Bush was joined by House sponsor Representative Lamont J. Robinson (D-Chicago), and representatives from the Illinois Environmental Council, Illinois Pipes Trade Association and the Natural Resources Defense Council for a press conference Thursday to discuss how the General Assembly can eliminate toxic lead in drinking water across the state. 

Contained in House Bill 3739, the Lead Service Line Replacement Notification Act requires water utilities statewide to replace all lead service lines and creates a low-income water assistance program to help fund financial assistance and water projects that include lead pipe replacement.

As more cities across the country have seen increased amounts of lead in their drinking water – including Chicago, Aurora, Joliet, Cicero and Rockford – the health risk has also increased. Aside from keeping the harmful chemical out of people’s water, Bush’s measure would create up to 11,000 jobs and $115 billion in economic activity each year.

“Supporting this bill is supporting safer drinking water and more jobs,” Bush said. “It is absolutely critical we get this done now.”

The measure is assigned to the Senate Executive Committee.  

Category: Latest

SPRINGFIELD – More than 20 years ago, a nuclear plant in the district State Senator Melinda Bush (D-Grayslake) represents shut its door. People lost jobs and the community was eviscerated.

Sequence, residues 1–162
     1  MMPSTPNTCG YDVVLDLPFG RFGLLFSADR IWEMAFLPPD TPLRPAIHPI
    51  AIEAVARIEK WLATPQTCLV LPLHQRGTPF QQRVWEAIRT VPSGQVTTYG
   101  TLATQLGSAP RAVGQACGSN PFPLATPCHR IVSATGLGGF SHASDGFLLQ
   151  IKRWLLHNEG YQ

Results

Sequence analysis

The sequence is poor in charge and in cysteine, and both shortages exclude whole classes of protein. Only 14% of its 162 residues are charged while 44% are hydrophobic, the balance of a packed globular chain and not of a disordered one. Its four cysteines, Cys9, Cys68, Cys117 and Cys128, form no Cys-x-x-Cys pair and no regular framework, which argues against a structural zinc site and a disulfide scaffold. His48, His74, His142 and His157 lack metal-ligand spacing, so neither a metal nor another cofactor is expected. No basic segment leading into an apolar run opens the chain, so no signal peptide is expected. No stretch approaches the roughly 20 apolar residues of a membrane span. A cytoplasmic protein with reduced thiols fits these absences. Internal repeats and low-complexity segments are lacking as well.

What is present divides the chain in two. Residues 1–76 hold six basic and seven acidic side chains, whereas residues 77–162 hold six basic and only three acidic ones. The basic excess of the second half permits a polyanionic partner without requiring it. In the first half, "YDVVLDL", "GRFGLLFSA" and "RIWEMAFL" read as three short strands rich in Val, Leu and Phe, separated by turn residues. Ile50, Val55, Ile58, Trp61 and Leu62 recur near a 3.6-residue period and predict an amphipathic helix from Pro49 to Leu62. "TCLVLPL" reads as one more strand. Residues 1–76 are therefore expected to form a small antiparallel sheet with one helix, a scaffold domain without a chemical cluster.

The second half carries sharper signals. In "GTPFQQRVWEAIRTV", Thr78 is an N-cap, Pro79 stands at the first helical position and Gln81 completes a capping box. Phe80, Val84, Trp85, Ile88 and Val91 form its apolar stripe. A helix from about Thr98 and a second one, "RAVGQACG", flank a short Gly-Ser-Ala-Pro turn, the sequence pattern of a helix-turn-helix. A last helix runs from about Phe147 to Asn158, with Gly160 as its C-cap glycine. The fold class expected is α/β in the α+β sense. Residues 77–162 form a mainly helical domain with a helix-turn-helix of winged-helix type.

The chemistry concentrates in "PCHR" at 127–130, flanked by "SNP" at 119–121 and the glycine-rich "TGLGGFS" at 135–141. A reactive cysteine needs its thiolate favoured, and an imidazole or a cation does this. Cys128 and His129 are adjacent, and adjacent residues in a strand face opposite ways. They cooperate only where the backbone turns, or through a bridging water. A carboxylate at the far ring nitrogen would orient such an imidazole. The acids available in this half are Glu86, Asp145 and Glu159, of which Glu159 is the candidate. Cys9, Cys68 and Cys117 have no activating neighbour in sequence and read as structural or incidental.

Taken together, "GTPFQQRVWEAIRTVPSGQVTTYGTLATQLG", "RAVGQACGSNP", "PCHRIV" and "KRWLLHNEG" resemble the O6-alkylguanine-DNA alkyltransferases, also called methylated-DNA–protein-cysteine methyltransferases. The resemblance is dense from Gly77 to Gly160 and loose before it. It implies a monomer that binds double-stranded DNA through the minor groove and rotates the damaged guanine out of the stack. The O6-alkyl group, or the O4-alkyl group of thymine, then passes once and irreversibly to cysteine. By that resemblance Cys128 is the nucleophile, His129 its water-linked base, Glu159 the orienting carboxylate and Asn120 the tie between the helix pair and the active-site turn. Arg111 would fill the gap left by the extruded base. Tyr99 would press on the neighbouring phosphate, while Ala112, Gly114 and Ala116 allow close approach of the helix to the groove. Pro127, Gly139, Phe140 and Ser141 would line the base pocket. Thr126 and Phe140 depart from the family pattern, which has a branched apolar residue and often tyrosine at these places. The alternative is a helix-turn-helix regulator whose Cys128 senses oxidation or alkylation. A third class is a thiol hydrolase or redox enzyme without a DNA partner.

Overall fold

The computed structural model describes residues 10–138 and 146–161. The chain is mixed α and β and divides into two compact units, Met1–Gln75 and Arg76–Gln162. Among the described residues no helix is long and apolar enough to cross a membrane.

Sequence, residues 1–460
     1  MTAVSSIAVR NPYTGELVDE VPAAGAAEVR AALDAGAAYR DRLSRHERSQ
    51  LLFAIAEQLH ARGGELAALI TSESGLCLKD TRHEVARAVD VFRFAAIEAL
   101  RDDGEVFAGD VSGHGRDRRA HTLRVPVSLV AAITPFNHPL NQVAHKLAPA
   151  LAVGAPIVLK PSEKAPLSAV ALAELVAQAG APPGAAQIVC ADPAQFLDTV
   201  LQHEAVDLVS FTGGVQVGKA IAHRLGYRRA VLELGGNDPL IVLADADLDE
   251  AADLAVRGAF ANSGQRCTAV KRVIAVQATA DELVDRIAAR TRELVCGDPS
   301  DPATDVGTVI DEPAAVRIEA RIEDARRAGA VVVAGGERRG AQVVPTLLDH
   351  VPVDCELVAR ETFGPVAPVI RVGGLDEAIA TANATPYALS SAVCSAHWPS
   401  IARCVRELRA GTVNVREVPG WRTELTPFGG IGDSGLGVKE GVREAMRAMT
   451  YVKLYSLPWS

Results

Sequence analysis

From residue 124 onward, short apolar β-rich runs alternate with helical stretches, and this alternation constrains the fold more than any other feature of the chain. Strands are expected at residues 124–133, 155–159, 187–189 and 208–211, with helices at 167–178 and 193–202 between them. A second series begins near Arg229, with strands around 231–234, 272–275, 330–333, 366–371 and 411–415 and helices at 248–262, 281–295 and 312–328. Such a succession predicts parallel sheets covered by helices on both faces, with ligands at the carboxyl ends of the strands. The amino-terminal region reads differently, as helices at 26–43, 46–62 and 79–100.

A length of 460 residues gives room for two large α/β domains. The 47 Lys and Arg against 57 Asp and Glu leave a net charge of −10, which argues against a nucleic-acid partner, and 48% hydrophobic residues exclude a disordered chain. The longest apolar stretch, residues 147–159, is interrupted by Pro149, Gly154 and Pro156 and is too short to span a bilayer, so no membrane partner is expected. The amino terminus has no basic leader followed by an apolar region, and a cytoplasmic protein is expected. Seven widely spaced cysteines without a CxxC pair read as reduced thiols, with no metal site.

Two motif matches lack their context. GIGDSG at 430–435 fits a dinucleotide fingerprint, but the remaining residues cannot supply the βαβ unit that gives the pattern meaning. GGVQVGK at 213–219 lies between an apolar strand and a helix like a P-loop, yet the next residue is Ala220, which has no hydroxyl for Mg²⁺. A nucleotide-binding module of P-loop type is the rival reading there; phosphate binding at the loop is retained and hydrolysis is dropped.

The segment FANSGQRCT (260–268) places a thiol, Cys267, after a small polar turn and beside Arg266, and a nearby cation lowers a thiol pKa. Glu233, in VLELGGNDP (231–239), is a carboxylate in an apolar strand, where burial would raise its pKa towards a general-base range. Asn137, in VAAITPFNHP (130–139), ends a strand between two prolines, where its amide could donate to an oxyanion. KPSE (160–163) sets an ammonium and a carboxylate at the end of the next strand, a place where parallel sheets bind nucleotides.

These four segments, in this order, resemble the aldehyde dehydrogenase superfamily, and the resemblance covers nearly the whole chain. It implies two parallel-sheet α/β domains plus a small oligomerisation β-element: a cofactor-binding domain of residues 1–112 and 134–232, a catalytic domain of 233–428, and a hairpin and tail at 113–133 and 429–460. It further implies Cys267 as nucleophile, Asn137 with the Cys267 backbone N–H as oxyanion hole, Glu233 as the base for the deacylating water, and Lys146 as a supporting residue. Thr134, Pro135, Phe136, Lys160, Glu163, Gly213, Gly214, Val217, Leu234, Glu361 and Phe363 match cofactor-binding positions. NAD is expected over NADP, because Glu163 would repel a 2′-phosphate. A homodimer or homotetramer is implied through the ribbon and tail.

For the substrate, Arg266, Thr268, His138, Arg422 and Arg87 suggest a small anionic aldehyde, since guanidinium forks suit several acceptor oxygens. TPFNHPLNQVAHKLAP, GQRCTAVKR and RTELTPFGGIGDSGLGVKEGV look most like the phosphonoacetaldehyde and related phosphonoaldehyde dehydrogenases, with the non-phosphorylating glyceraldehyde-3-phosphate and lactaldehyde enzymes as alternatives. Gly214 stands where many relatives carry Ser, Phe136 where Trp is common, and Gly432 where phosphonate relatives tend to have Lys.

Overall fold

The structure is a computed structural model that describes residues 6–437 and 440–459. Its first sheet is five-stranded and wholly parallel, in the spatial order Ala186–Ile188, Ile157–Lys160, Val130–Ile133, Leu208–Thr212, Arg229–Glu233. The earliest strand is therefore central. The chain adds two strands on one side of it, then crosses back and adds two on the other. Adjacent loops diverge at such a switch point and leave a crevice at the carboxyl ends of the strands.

To help provide jobs in areas where coal plants, coal mines or nuclear plants have closed and to foster the development of green energy across the state, Bush passed a measure Thursday to create the Energy Transition Zone Act.

“To protect our environment and stop global warming, we need to close coal plants – that’s not up for debate,” Bush said. “But, as we make strides toward green energy, we can’t forget about the families who rely on these plants to put food on the table or the communities that need their tax dollars to function.”

Under the Energy Transition Zone Act – which would be created if Senate Bill 1747 is signed into law – areas that contain coal energy plants, coal mines, or nuclear energy plants could apply to become “energy transition zones.”

The plants or coal mines in the area must have shut down in the previous 10 years, or the municipality must contain a nuclear plant that was decommissioned but continued storing nuclear waste prior to the effective date of the measure.

Once designated an energy transition zone, green energy enterprises will be able to apply for a number of tax benefits, be exempt from state or local taxes on gas and electricity, and have the ability to purchase certain building materials exempt from use and occupation taxes to be used for green energy projects.